Others to have contracted the virus include U.S. Department of Housing and Urban Development Secretary Ben Carson and, according to a source familiar with the matter, Trump campaign adviser Corey Lewandowski.

U.S. House of Representatives Speaker Nancy Pelosi, who has repeatedly criticized the White House and the president over their handling of the pandemic, told reporters the latest outbreak was further proof of “Trump’s reckless campaign schedule.”

(Reporting by Mark Hosenball and Doina Chiacu; Writing by Susan Heavey; Editing by Howard Goller and Jonathan Oatis)

Authorities probing suspicious packages sent to Hillary Clinton, Obama

Democratic U.S. presidential candidate Hillary Clinton stands onstage with her husband former President Bill Clinton (L) after speaking during her California primary night rally held in the Brooklyn borough of New York, U.S., June 7, 2016. REUTERS/Shannon Stapleton

By Makini Brice and Gabriella Borter

WASHINGTON/NEW YORK (Reuters) – Federal authorities are investigating suspicious packages sent to the White House, former U.S. President Barack Obama and former Democratic presidential candidate Hillary Clinton, the U.S. Secret Service and a person familiar with the matter said on Wednesday.

A suspicious package addressed to the White House was intercepted at an off-site facility, the source told Reuters.

The suspicious packages sent to the two top Democrats as well as a bomb sent to one of their major donors came roughly two weeks ahead of the high-stakes Nov. 6 election that will determine whether Republicans maintain control of Congress in a nation that has become deeply polarized.

The package to Clinton was found late Tuesday while the one addressed to Obama was found early Wednesday, both during routine mail screenings, the Secret Service said. Both Obama and Clinton were not at risk, they added.

The White House, in a statement, condemned the attempted attacks on Obama and Clinton.

“These terrorizing acts are despicable, and anyone responsible will be held accountable to the fullest extent of the law,” White House spokeswoman Sarah Sanders said. “The United States Secret Service and other law enforcement agencies are investigating and will take all appropriate actions to protect anyone threatened by these cowards.”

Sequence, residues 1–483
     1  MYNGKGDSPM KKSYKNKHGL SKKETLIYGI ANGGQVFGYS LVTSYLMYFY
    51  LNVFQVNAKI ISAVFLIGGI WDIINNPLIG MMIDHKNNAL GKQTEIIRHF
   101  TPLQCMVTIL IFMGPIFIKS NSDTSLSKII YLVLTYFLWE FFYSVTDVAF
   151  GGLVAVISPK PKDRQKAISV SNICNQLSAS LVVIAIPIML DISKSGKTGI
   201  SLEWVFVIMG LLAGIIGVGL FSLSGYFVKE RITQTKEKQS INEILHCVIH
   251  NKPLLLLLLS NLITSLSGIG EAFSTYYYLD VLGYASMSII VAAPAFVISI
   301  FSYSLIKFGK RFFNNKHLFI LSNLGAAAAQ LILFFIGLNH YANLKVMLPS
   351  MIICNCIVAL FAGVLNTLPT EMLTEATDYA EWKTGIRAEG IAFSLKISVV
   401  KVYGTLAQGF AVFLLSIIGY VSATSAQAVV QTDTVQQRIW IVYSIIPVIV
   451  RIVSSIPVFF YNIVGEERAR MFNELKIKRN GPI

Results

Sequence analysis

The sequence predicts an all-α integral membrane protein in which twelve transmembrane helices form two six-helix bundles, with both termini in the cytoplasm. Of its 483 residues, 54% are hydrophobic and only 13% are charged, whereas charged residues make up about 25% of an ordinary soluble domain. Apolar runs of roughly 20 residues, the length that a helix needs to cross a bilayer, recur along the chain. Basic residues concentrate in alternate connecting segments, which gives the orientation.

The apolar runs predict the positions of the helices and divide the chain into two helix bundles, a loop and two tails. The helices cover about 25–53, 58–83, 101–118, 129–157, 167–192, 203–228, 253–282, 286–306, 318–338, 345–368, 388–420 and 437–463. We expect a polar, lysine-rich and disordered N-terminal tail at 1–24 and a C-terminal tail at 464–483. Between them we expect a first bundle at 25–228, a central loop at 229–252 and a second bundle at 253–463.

The FBI said it was investigating the packages.

“The packages were immediately identified during routine mail screening procedures as potential explosive devices and were appropriately handled as such,” the Secret Service said in a statement.

The package addressed to Clinton at her home in the New York suburb of Chappaqua was an explosive device, the New York Times reported.

The discovery of the packages came after a small bomb was found earlier this week at the home of billionaire liberal donor George Soros in the New York City suburb of Katonah, about 10 miles from the Clintons’ home.

“Nothing made it to their home,” Bill Clinton’s spokesman said in an email. A spokesman for Hillary Clinton referred queries to the Secret Service statement.

A spokeswoman for the Obamas declined to comment.

Chappaqua police said authorities in New Castle assisted the FBI, the Secret Service and Westchester County police with the investigation into the package sent to Clinton.

“The matter is currently under federal investigation,” the police said in a statement, referring questions to the FBI.

The device sent to Clinton was similar to the one found on Monday at Soros’ home, the Times reported, citing a law enforcement official.

(Reporting by Makini Brice and Steve Holland in Washington and Gabriella Borter in New York; Additional reporting by Subrat Patnaik in Bengaluru; Writing by Susan Heavey; Editing by Jeffrey Benkoe)